To answer your first question, those places are called level crossings. The word railroad does not exist in British English. Nobody uses it in the UK. The word railway is the normal British word.

See these:

For level crossing:

http://www.ldoceonline.com/dictionary/level-crossing

http://dictionary.cambridge.org/dictionary/british/level-crossing?q=level+crossing

For the word railway:

http://www.ldoceonline.com/dictionary/railway

http://dictionary.cambridge.org/dictionary/british/railway?q=railway

I also heard that these places can be called differently even within one country because of some subtle differences pertaining to those places. I don't really know what those differences are. It may be the width of the automobile road, or the difference in height between the level of the railroad and the automobile road, or, perhaps, the presence/absence of that red-white thing that goes down and up every time when the train passes.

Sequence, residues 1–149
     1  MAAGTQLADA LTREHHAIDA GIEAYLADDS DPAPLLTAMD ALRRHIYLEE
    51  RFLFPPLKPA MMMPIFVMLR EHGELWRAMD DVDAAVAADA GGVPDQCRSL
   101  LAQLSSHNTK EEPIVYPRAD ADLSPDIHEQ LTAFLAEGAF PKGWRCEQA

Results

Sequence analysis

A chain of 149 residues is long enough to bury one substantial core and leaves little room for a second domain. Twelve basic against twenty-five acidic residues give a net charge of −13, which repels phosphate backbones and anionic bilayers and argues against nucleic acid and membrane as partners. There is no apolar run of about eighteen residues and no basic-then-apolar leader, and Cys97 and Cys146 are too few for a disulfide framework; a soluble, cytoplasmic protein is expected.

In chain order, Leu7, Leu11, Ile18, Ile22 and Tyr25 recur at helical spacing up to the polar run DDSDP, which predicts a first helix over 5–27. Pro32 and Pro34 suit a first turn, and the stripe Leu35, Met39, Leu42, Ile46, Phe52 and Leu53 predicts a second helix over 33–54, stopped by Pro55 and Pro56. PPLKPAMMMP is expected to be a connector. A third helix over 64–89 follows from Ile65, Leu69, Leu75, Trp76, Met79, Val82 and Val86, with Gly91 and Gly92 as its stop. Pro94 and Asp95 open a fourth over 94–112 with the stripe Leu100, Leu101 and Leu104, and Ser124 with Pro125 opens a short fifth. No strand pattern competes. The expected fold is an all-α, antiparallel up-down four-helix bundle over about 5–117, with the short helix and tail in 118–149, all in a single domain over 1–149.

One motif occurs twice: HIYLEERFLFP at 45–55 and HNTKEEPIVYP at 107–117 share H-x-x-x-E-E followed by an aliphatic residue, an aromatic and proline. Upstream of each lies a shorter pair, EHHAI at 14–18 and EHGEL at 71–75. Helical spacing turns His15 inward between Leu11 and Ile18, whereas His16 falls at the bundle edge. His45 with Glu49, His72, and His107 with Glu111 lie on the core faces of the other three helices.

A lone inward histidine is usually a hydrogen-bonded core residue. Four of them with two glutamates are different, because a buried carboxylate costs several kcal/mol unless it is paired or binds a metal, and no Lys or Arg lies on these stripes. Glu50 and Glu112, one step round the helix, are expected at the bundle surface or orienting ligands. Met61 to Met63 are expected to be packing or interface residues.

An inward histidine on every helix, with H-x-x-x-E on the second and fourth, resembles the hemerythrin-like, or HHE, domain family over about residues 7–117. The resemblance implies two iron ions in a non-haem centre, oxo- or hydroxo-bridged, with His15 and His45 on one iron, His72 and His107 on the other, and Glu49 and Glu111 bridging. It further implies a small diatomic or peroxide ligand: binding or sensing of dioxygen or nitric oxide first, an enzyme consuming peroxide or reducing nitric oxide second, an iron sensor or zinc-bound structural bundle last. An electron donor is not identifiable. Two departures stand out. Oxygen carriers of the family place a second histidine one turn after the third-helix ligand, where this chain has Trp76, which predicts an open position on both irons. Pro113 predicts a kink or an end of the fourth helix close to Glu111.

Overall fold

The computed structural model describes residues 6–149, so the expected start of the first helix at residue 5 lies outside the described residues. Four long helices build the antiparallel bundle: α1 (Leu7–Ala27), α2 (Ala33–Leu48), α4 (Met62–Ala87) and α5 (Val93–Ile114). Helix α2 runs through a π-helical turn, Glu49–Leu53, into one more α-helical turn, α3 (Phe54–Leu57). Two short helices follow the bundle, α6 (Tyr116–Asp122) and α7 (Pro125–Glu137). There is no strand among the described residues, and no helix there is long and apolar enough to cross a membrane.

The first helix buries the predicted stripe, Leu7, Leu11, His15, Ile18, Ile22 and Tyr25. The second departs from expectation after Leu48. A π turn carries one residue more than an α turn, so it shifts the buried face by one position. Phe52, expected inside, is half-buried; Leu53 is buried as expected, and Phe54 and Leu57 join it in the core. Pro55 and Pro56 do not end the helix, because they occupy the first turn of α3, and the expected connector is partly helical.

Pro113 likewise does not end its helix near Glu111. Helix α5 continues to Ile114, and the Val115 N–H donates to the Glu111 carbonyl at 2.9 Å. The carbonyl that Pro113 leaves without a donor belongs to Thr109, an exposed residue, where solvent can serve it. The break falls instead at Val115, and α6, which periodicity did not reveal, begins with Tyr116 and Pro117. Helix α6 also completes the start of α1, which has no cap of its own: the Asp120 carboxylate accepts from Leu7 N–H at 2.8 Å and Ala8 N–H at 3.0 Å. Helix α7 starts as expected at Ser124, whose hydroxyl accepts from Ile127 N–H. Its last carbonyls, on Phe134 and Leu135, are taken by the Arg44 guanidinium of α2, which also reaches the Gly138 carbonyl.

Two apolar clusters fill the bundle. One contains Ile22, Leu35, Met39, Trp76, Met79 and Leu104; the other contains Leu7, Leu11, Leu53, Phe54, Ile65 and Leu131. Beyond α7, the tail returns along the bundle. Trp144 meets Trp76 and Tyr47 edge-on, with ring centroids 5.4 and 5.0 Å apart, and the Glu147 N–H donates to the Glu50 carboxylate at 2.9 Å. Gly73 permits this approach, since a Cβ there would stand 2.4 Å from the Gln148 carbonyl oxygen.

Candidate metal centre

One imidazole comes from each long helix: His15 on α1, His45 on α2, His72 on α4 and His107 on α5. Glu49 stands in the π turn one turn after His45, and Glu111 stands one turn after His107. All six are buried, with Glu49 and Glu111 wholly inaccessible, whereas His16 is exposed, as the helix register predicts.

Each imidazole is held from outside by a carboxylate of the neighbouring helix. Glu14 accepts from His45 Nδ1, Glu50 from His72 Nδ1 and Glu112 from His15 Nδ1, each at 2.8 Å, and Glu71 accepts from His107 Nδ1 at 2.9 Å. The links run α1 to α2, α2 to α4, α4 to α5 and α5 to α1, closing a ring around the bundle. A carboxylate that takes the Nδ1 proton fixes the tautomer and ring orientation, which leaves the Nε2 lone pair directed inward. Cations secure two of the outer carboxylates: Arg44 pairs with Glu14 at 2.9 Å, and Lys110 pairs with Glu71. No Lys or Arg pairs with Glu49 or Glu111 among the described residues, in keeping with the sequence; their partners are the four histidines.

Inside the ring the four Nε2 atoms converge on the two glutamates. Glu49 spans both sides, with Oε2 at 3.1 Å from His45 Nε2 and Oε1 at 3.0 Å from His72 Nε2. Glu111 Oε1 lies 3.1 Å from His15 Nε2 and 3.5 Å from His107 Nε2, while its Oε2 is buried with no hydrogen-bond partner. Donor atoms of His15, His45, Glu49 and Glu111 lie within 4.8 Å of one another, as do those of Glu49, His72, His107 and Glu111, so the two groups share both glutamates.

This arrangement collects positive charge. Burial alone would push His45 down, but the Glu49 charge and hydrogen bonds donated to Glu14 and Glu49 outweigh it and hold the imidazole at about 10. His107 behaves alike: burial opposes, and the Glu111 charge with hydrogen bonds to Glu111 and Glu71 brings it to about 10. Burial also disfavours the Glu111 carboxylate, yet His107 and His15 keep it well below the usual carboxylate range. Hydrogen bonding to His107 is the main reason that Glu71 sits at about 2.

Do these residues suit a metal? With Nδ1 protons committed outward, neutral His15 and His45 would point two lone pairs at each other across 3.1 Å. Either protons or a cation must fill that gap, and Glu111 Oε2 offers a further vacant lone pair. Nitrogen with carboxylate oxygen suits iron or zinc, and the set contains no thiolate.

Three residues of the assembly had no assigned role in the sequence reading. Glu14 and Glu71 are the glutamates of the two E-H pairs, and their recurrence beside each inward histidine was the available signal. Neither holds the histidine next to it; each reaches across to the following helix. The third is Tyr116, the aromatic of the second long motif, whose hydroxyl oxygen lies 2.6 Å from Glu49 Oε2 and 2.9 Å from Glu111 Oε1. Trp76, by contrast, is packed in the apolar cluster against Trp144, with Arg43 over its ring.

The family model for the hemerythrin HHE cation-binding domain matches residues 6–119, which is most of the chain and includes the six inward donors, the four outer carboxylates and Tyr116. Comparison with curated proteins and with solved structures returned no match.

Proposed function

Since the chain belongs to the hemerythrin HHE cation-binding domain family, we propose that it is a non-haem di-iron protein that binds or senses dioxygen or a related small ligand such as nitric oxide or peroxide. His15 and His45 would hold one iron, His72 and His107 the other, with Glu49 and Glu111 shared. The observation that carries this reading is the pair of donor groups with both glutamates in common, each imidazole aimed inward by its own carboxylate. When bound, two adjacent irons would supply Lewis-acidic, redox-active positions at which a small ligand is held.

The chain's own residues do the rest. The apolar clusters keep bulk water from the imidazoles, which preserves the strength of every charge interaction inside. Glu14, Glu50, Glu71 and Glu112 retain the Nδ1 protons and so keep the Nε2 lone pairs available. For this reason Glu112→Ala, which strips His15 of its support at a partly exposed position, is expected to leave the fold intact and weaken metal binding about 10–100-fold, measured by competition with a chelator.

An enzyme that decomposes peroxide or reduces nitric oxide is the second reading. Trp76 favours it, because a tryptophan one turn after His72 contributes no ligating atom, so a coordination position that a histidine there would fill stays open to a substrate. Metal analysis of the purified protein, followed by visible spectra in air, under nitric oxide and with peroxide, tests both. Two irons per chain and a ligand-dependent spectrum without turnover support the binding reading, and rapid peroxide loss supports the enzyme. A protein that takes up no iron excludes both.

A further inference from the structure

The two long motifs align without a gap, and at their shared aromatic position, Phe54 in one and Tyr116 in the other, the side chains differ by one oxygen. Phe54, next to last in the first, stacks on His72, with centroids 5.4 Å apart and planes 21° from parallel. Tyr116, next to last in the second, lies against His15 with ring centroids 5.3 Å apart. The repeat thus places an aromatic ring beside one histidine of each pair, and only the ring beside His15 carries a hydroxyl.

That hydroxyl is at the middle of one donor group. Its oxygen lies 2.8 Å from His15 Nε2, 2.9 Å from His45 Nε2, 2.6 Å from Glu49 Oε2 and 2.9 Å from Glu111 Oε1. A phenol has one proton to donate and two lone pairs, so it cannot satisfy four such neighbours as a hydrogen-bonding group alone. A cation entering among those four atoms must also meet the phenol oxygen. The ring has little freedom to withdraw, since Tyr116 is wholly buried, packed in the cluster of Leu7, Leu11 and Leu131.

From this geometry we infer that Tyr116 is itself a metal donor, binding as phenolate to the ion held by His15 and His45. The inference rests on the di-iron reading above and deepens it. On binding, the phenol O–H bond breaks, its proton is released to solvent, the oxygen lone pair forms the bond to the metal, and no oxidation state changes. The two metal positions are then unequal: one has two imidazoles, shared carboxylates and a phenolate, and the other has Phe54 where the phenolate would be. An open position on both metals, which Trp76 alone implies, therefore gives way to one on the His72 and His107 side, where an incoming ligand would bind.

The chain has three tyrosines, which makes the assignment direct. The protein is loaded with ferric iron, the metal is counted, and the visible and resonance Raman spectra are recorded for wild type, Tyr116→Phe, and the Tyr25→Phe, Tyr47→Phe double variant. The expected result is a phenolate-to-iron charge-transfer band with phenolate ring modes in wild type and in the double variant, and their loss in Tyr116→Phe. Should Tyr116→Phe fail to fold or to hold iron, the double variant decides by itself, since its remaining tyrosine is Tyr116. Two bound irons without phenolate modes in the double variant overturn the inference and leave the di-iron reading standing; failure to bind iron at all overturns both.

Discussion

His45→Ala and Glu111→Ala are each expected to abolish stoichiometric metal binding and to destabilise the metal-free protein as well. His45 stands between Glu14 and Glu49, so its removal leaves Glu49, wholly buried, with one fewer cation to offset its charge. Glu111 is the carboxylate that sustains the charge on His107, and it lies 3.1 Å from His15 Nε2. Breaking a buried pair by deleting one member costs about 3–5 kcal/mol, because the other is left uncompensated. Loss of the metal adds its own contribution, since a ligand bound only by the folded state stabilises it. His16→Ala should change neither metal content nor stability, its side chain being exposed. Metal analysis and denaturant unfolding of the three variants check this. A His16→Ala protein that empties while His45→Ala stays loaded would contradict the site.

Also, how do you call that very red-white thing itself? Especially, how would you describe its motions in this kind of sentence:

"At the (place), when the (thing) finally (lowered), it was obvious I would be late for the party"

What words you would substitute for those used in parentheses above?

That “red-white thing” is usually called a barrier. Considering that there are usually two of them, the plural form barriers is usually used. Sometimes they are called gates.

For your sentence, in the UK that can be:

At the level crossing, when the barriers finally came down, it was obvious I would be late for the party.

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protected by RegDwigнt May 1 '12 at 16:57